In nearby Centre County, all the townships (not just those larger ones mandated by state law) surrounding State College have curbside collection of recyclables as part of their weekly waste collection service. In Blair, however, recycling is required only in the mandated municipalities. Though many county residents would prefer curbside recycling, not all municipalities even require haulers to pickup recyclable material.

Though curbside recycling would be more challenging for the most rural parts of Blair County, a large portion of the county is well suited for curbside collection. The companies that provide recycling in the mandated communities are the same companies that pick up trash in the area in and around Altoona. Recycling trucks are already driving through these suburban communities from Tyrone to Newry and our nearby recycling facilities are marketing the materials that are collected.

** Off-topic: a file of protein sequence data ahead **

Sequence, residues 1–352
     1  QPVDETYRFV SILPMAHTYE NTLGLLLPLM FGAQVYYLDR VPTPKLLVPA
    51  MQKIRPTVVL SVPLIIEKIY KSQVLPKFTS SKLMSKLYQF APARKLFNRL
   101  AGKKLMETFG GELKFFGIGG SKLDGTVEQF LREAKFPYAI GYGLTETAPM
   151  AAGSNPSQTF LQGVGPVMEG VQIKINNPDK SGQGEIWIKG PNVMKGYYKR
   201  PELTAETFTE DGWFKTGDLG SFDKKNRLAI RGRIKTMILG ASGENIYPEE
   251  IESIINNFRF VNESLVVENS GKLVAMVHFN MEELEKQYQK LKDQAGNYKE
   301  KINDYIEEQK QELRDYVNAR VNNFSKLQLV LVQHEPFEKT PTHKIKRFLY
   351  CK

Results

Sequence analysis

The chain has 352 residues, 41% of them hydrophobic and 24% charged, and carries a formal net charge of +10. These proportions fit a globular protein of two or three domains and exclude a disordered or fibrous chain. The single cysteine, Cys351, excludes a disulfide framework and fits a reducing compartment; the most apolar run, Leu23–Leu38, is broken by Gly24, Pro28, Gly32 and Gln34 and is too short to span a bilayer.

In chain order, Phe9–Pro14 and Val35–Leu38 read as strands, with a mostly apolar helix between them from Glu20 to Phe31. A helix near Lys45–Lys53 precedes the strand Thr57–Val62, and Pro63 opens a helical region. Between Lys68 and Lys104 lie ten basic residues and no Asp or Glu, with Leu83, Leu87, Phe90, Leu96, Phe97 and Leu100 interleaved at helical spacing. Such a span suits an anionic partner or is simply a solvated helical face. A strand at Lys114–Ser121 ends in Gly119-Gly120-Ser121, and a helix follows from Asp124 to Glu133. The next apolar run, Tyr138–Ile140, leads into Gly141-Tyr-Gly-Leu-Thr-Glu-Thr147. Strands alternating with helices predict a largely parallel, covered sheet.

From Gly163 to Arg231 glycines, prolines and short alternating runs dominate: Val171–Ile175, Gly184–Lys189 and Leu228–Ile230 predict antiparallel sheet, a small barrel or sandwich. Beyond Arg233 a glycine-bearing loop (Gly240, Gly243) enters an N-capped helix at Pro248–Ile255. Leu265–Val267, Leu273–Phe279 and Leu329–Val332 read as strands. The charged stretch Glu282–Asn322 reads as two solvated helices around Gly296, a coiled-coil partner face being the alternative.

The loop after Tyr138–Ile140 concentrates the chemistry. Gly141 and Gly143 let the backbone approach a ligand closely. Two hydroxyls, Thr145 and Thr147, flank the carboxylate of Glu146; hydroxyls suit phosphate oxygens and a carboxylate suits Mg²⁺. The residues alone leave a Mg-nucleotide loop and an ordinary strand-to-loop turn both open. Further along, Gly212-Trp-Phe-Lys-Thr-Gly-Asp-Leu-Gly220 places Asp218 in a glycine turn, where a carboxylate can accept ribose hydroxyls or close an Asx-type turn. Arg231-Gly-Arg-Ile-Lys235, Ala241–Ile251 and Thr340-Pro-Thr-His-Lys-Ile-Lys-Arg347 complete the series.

The infrastructure is in place and residents are willing. Perhaps just as importantly, recycling is one of those things that make the community a more attractive place to live. When people look for places to live or do business, good environmental programs and services (especially that make the region more attractive) are an important consideration.

Even a full decade into the 21st Century, many thousands of households (and in every part of the county) do not even have waste service, let alone recycling. This contributes directly to the incidence of open burning, illegal dumping and dangerous accumulations of trash on private property.
These changes will not happen, though, unless residents let their elected officials know that it is important. Contact your municipal officials next week and let them know that recycling and proper waste management is important for the entire community and ask them to take action to make it possible.

Let your municipal officials know that you would like them to pass an ordinance requiring that everyone have waste collection and that all business and households recycle. For more on recycling options in Blair County, visit